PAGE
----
49 min 1 sec
Shane Black is the king of buddy action movies. He sold the screenplay to Lethal Weapon at age 22. In 1996, Black scored a then-record-breaking payday of $4 million for The Long Kiss Goodnight. The sale made him enemies, and he disappeared from Hollywood for nine years. Then in 2005, Black returned not just as a writer, but a director as well with Kiss Kiss Bang Bang.Now Black is back with The Nice Guys starring Russell Crowe and Ryan Gosling. The film channels the noir detective genre, with Black's classic blend of dark comedy and unlikely pairings. Crowe and Gosling are anything but nice guys, but through the heroism of a young girl, they may become them yet.Join Jon and Tim as they discuss Black's career, superheroes, film noir, feminism, loving your enemies, and the return of summer movies for adults.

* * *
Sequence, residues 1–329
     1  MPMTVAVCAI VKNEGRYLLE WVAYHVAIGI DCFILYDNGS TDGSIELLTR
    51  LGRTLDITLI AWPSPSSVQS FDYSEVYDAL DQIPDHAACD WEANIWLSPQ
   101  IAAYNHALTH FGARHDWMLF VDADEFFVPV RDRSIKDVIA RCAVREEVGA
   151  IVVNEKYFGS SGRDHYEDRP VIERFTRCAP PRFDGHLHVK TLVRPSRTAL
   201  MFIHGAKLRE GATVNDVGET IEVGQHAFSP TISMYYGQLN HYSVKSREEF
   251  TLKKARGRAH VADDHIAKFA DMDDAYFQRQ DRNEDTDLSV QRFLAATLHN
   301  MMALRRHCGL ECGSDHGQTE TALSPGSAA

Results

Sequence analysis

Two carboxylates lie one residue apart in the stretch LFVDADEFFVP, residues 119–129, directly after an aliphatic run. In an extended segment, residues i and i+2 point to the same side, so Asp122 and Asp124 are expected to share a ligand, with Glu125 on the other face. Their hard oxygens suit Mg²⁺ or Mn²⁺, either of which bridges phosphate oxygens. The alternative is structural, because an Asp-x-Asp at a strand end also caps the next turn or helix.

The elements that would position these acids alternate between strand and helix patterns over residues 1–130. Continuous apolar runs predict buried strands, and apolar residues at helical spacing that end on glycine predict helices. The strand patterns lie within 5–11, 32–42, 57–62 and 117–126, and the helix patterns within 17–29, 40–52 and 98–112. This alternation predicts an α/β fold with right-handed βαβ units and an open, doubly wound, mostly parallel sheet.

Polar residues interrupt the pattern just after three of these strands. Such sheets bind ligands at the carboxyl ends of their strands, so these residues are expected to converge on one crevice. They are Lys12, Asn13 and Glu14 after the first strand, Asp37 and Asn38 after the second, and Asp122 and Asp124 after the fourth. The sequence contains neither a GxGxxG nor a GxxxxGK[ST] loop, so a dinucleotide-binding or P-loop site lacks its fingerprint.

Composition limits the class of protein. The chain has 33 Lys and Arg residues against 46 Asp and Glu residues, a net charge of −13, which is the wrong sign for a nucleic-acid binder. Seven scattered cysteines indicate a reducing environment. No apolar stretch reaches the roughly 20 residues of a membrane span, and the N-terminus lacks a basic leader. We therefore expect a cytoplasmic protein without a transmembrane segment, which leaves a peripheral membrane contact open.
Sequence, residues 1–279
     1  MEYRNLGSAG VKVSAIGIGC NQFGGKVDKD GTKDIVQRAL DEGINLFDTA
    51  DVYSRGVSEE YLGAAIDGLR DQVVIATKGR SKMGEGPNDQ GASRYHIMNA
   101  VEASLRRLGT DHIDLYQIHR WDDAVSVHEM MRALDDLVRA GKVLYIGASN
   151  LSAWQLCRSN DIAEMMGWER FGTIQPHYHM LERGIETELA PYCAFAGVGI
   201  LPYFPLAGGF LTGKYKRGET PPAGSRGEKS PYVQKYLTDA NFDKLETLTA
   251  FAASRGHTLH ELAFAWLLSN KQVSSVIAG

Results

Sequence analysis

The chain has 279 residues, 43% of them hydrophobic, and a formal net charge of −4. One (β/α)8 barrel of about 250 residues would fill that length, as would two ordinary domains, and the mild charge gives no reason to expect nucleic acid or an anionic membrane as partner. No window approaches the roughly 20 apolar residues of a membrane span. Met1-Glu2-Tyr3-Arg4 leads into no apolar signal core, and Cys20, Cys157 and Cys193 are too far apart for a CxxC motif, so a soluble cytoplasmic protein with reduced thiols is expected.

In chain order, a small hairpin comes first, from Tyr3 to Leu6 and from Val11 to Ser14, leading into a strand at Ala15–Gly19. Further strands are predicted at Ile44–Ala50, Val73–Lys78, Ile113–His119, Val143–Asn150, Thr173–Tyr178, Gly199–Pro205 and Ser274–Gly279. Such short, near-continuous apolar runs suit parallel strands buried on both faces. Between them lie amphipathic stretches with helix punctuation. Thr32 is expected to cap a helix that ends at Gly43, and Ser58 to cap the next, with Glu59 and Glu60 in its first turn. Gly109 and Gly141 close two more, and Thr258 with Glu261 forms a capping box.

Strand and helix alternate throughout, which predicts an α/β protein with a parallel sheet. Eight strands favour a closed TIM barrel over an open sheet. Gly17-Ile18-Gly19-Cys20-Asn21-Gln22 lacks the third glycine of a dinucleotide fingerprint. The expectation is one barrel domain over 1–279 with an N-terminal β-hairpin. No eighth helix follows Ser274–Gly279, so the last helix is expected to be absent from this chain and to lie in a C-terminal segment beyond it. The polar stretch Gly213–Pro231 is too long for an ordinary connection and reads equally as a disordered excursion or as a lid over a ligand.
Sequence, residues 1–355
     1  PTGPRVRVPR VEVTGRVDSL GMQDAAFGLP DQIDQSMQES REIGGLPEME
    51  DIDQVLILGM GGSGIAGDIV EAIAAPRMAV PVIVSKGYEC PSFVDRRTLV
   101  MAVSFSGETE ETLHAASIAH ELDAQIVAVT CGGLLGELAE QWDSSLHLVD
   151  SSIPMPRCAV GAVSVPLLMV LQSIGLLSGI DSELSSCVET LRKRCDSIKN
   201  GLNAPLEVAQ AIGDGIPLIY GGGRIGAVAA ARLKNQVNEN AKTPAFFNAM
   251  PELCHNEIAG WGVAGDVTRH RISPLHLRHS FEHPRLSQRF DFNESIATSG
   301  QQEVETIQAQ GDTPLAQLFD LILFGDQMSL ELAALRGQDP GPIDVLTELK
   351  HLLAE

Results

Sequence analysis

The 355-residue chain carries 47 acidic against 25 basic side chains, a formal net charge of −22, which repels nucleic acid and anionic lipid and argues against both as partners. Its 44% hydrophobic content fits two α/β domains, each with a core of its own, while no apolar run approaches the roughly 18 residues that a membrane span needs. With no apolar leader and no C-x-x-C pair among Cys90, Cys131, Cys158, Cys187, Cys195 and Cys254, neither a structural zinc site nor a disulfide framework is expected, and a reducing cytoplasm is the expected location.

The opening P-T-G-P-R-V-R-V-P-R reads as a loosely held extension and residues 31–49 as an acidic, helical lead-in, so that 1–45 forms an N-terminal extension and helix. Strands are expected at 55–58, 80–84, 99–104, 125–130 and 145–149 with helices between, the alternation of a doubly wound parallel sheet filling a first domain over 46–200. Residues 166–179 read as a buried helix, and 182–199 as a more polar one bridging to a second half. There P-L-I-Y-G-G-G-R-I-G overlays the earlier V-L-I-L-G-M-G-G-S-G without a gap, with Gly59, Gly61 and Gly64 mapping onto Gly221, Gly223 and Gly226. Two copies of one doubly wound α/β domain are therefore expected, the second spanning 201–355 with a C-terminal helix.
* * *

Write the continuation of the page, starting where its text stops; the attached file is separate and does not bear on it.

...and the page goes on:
41 min 54 sec
Two years after Boyhood, Richard Linklater is back with Everybody Wants Some!! – a "spiritual sequel" to the 1993 classic Dazed and Confused. Linklater has always defied traditional approaches to storytelling. Instead of a plot and three acts, Linklater films are driven by music, characters, and authenticity.Tune in to this month's podcast as we discuss the works of Linklater, the rules of story, the value of community, and the constructs we create in our search for meaning.
48 min 17 sec
This month's podcast is all about the Coen Brothers. Hail, Caesar! is the latest offering from the eccentric duo. Join Jon and Tim as they discuss their favorite Coen Bros. movies, the sacredness of film, and the magic of Hollywood past.
46 min 13 sec
Another February 2nd, another chance to discuss the classic film. Join us as we ponder the question: Are we all stuck in Groundhog Day?
40 min 36 sec
There are few filmmakers as polarizing as Quentin Tarantino. Some celebrate him. Others revile him. Now Tarantino is back with his latest film The Hateful Eight – a fitting title considering this is the eighth film of his career.Listen to this month's podcast as we ask: Is there truth in the works of Quentin Tarantino?
47 min 12 sec
With Oscar season is in full swing, it's time to look back at 2014's best picture winner: Birdman. Join us as we discuss why Birdman is a perfect film, the value of critics, and the plight of the artist.
43 min 37 sec